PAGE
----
After being in the business for a while, you can expect to develop a very strong sense for the market. In addition to that, you will learn a lot from previous mistakes and hopefully apply those lessons in the future. This should make you more rational and a better risk manager. Being able to manage your positions will be a crucial skill that you will acquire. Additionally, with so much technology and information available, it is sometimes hard to know and focus on important things. As a S&T analyst, you will learn what news drives your industry and become very good at distinguishing what’s really important and what’s only nice to know.
Unlike investment bankers, S&T people usually stay within their business until they retire. The skill set they acquire is very specific to what they do, and it is hard to find a better job outside of the industry where they could apply it. For that reason, if you start as a S&T analyst, there’s a good chance you are going to do it for the rest of your life (or you’ll have to start over in some other industry). However, you might move in between the buy- and sell-side. Many analysts end up going to the buy-side and get involved with mutual funds or hedge funds.
Although there is no typical career path for any career, if you become a S&T analyst, it is likely that you will not get your MBA. It is seen as a waste of money and time, because what you learn is not necessarily transferrable to your job. Additionally, you might move between different companies or change your position slightly, but in the end, you will do a similar job until you retire (which might come early if you’re good at what you do).
S&T analysts have to wake up early every morning and make it to the office by 6am, but they also leave earlier than anyone else in the industry, which is around 6pm. Also, S&T people rarely work on the weekends. If the market is closed, there’s not much to work on besides do some research or prepare for the Monday morning meetings.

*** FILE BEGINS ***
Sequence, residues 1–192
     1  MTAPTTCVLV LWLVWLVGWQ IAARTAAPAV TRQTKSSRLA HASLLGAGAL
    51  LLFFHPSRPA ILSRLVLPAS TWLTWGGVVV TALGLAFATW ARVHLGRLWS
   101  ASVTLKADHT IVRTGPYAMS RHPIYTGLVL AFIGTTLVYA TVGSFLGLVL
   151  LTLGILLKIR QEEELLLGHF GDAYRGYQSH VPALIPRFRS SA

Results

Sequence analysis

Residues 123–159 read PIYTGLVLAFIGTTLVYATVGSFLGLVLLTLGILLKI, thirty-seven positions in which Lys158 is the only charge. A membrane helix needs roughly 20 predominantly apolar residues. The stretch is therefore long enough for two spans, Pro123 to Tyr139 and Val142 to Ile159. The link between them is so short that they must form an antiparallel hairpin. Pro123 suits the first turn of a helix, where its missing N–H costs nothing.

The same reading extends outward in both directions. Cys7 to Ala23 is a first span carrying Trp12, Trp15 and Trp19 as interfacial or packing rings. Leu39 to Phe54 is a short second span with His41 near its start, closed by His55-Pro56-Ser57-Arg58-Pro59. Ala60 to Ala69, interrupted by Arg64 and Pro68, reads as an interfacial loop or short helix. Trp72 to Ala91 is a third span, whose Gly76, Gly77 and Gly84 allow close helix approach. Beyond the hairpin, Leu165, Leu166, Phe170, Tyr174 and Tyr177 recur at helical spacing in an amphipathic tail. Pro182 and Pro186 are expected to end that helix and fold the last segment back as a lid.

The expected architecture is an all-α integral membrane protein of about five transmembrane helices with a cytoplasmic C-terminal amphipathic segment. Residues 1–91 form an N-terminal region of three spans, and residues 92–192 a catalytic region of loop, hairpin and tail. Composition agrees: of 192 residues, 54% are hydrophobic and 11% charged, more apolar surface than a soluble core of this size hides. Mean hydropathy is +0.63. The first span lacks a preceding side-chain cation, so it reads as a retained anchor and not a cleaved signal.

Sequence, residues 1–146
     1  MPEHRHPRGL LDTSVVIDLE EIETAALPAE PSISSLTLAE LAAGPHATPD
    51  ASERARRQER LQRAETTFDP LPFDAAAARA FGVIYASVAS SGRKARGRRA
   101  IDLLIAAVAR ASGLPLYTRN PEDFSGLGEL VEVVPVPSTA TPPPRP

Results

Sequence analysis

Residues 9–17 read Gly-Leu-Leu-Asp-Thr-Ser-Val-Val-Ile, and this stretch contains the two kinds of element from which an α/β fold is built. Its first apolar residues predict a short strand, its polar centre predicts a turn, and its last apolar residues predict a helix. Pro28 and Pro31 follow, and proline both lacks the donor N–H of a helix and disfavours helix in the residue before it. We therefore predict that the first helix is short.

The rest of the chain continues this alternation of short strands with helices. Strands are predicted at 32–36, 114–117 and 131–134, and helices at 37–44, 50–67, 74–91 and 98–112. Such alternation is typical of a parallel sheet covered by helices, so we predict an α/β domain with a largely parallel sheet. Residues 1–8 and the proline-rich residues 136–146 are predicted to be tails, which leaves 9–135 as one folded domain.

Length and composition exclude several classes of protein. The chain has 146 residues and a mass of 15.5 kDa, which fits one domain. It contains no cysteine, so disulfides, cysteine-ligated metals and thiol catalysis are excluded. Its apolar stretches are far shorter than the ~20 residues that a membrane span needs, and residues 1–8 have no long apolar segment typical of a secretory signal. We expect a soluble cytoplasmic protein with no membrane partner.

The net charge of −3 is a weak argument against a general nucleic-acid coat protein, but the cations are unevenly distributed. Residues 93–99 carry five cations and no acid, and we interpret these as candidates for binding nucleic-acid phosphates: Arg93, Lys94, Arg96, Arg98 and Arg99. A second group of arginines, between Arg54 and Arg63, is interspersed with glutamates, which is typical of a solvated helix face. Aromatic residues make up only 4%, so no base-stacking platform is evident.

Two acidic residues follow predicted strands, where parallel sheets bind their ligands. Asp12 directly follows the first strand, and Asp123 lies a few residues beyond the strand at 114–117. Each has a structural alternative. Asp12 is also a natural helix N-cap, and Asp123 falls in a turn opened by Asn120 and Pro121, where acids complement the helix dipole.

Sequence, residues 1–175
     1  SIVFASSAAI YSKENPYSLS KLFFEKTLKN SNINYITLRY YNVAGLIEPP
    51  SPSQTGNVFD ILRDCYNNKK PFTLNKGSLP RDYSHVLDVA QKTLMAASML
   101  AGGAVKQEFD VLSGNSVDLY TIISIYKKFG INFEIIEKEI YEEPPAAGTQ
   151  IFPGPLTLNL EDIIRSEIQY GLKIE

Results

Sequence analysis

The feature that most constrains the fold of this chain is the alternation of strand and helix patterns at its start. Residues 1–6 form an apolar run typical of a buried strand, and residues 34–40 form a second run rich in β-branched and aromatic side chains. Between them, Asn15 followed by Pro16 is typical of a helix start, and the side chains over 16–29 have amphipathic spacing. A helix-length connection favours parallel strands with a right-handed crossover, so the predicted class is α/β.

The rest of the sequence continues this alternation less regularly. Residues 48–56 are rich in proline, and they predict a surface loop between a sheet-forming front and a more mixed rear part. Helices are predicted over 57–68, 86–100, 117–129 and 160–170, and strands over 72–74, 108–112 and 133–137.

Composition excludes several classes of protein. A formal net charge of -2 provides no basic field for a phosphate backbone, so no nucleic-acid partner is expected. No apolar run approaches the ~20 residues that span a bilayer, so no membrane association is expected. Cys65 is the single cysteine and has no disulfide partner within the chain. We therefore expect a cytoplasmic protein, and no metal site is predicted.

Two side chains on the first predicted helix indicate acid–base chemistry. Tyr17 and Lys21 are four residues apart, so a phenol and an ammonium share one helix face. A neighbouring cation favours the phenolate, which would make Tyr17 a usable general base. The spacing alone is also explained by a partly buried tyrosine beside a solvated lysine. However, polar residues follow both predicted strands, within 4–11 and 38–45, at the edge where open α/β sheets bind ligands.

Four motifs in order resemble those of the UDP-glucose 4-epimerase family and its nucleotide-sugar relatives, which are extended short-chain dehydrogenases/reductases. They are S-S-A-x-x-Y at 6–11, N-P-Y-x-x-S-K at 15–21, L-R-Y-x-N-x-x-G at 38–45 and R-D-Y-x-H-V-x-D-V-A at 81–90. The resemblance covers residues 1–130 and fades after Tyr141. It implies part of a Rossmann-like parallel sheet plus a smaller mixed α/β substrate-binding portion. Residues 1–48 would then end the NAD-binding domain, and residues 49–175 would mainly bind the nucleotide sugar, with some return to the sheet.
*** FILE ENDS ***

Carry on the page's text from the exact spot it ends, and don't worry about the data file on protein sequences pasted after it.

Another perk of being a S&T analyst is all the outings you go to with your clients. You get to spend firm’s money to entertain your client and establish relationships. This includes (but is not limited to) going to baseball and football games, and many bars and restaurants, all for free. However, many S&T professionals will tell you that they’d rather get a good night sleep than party with the client till after midnight and then still have to show up in the office by 6am.
Just like in investment banking, compensation is great. You’ll get a similar breakdown of your pay, including signing bonus, base salary, and year-end bonus. However, the year-end bonus in S&T might be lower in the beginning than the bankers’ bonus. You shouldn’t worry about this, because if you’re a rock star, you’ll start getting paid a lot very early in your career. While the banking career is very structured, in S&T you eat what you kill. And if you can kill a lot early on, you’ll eat a lot as well – much more than bankers of the same age. In statistics terms, S&T career has a higher standard deviation of getting paid. Again, here’s the breakdown of what you can expect as a first year analyst:
- Signing bonus: ~$10,000
- Base salary: ~$70,000 – $90,000
- Year-end bonus: ~$10,000 – $40,000
Although these are pretty fair ranges to assume, it is hard to generalize and encompass what every bank pays, so use this only as guidance.